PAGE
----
Modern Day Weight Loss Fads
This article was provided by a chiropractor at Lopez Health Center in Maple Grove, MN. If you'd like to learn more please visit https://www.lopezhealthcenter.com
In today’s society, it’s easy to get sucked into a new trend or fad. With Facebook, Instagram, Twitter, and plenty of other social media platforms, people give us a glimpse into their lives and lifestyles while usually only showing what they want to show us versus their true reality. One thing that seems to stick around in these rapidly changing times of social media is diet fads. In 2019, there are dozens of diets that generalize what a person should do to lose weight and be healthy without considering the fact that each person is an individual with individual needs to maintain a healthy lifestyle. Simply from my own experiences, I have seen the Keto diet, Paleo diet, and the OMAD (One Meal A Day) diet talked about from people on social media and how great it’s working for them.
It’s important to have a healthy lifestyle, but there are easier ways than finding a fad diet and relying on it. There are two major factors that have proven to help people get back to being healthier: cutting your sugar intake and being active. In the United States, the average American consumes about 71 grams of sugar per day which is vastly different to the recommended amount of sugar per day (2015-2020 Dietary Guidelines for Americans). For most men, the recommended daily sugar intake is about 38 grams and for most women it is about 25 grams (American Heart Association). So, the average American is consuming about two to three times the amount of sugar on a daily basis than they should be. To put this into perspective, a 12-oz can of Coca Cola has 39 grams of sugar. As for exercise, the Mayo Clinic recommends doing at least 30 minutes of moderate exercise per day (210 minutes per week) which includes speed walking, light biking, mowing the lawn or other heavy cleaning activities around the house. If you’re trying to lose weight, the Mayo Clinic recommends about 300 minutes of moderate exercise per week (about 43 minutes per day).
There are a couple cases I want to speak about that we’ve seen from patients in our office. To keep the patient’s anonymous, we will be calling them Patient A and Patient B.
Patient A is a male in his mid-50s that was told by his MD that he needs to lose weight in order to avoid becoming diabetic. At the time of his appointment, he weighed 280 lbs, had high levels of bad cholesterol and high blood pressure. Patient A used to be active in sports but became much more sedentary as the years went on. He had a weakness and it was sugar. After every meal, he needed to follow it up with cookies, cake, ice cream, or chocolate. Usually, he would end up getting most of his calories from sweets and the Coke or juice he drank with his food than he would from lunch or dinner. After getting the news from his doctor that he needed to change his lifestyle, he took matters into his hands to be healthier. Without doing any specific diets, he ate more greens and vegetables, ate an apple or berries when he craved sugar, ate less carbs and ate more lean protein, drank water instead of soda or would dilute his juice to be 20% juice and 80% water, went on walks every day, played with his grandchildren more, and rode his bicycle more. After about 4 months, he was already down over 30 lbs and leading a much better lifestyle than he was even 6 months ago.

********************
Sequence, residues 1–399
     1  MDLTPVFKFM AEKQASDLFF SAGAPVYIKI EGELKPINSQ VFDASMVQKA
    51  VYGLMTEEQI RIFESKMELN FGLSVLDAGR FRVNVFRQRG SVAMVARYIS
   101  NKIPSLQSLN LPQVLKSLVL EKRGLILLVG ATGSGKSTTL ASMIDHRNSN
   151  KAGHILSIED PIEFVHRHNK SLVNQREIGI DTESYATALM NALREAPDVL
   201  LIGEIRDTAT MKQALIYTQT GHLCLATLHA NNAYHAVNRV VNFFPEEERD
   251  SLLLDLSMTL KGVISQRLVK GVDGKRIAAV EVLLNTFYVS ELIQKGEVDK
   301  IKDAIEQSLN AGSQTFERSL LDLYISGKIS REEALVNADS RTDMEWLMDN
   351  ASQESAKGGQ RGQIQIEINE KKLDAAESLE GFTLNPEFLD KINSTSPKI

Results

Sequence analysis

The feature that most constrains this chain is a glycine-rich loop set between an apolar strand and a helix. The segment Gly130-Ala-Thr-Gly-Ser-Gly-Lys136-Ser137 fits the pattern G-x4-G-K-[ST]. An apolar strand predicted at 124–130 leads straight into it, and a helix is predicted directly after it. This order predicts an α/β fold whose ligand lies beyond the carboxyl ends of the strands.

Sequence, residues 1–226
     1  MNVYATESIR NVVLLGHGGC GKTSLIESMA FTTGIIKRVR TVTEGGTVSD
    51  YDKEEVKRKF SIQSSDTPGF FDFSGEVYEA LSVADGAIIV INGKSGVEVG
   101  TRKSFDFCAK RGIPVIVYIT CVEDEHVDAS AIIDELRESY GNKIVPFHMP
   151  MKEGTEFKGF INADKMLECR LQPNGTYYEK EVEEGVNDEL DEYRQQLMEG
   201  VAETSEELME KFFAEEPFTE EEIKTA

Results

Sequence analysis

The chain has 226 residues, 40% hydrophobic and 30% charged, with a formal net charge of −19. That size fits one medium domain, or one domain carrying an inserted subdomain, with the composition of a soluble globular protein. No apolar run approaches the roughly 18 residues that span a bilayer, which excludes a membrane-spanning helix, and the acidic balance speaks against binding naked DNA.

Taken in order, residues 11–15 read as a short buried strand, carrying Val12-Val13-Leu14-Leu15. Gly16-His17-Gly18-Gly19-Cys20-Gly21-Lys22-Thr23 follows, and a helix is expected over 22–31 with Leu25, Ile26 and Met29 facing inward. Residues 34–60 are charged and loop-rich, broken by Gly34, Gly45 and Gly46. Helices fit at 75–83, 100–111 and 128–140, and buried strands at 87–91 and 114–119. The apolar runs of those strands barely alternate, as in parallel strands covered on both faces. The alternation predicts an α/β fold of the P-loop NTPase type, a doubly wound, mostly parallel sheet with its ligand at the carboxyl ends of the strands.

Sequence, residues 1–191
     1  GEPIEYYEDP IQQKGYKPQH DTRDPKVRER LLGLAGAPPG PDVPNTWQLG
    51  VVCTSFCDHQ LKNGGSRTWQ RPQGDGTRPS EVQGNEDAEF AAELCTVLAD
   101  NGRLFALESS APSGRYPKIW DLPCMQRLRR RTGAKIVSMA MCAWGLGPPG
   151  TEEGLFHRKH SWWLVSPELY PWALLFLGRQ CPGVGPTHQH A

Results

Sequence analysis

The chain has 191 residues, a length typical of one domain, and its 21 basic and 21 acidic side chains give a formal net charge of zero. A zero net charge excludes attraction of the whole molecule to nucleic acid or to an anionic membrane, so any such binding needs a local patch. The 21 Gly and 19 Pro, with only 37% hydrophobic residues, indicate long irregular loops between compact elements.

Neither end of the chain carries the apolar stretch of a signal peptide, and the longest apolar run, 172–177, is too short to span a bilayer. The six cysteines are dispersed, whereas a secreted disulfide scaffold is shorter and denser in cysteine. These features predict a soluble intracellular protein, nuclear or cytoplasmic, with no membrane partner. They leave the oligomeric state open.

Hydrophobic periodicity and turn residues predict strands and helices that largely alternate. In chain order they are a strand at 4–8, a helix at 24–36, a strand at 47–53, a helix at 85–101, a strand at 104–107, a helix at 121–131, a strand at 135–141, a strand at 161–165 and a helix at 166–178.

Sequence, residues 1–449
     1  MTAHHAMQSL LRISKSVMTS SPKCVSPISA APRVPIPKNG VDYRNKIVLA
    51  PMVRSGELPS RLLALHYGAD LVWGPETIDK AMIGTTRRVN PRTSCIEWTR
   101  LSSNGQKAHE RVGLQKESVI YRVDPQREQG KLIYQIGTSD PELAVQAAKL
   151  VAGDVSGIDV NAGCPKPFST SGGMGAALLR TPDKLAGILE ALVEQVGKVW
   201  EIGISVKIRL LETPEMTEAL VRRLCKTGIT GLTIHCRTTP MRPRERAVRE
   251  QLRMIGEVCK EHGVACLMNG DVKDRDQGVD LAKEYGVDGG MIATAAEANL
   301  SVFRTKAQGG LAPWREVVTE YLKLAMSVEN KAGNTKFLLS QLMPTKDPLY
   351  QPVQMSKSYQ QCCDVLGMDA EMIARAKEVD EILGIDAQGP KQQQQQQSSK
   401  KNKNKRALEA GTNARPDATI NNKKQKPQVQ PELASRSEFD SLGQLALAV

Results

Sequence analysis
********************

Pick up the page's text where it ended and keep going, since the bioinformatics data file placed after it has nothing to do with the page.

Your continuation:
Patient B is a female in her mid-20s that simply wanted to have healthier eating habits without following a diet trend. She was sedentary due to having an office job and being a student, and had more sugar than she should have on a daily basis, similarly to Patient A. As she saw her weight steadily increasing, she wanted to act before it became harder for her to lose the weight. In order for her to not end up biting off more than she could chew, she started off by just decreasing her sugar and carb intake. She used a free app on her phone that allowed her to enter in and track foods she ate that day and break down where her calories were coming from, whether they were carbs, sugar, fat, or protein. She’s been able to lose weight not by completely changing her diet and following a one-size-fits-all diet, but simply by making smarter choices. For example, she said one of the other ways she has cut down on calories is by reducing her alcohol intake to only once or twice a week and instead of drinking hard ciders—which is what she used to drink—she now drinks hard seltzer waters like Truly or Whiteclaw. A typical hard cider has between 17 to 23 grams of sugar per serving while a hard seltzer water has between 1 to 2 grams of sugar. The patient has also become more active by joining a gym and going 3 to 4 times a week, playing tennis and basketball more frequently, and riding her bicycle. She has already seen results and continues to follow these steps to keep the weight off.
There are plenty of ways to lose weight and become a healthier person without changing your entire life. While you may see people losing weight on the Keto diet or others, they’re not always catered to your specific needs. It is always wise to consult with your doctor about nutrition and what you need to do to get back to a healthy lifestyle and once you realize that it’s doable, everything starts to fall into place.
2015-2020 Dietary Guidelines for Americans:
American Heart Association: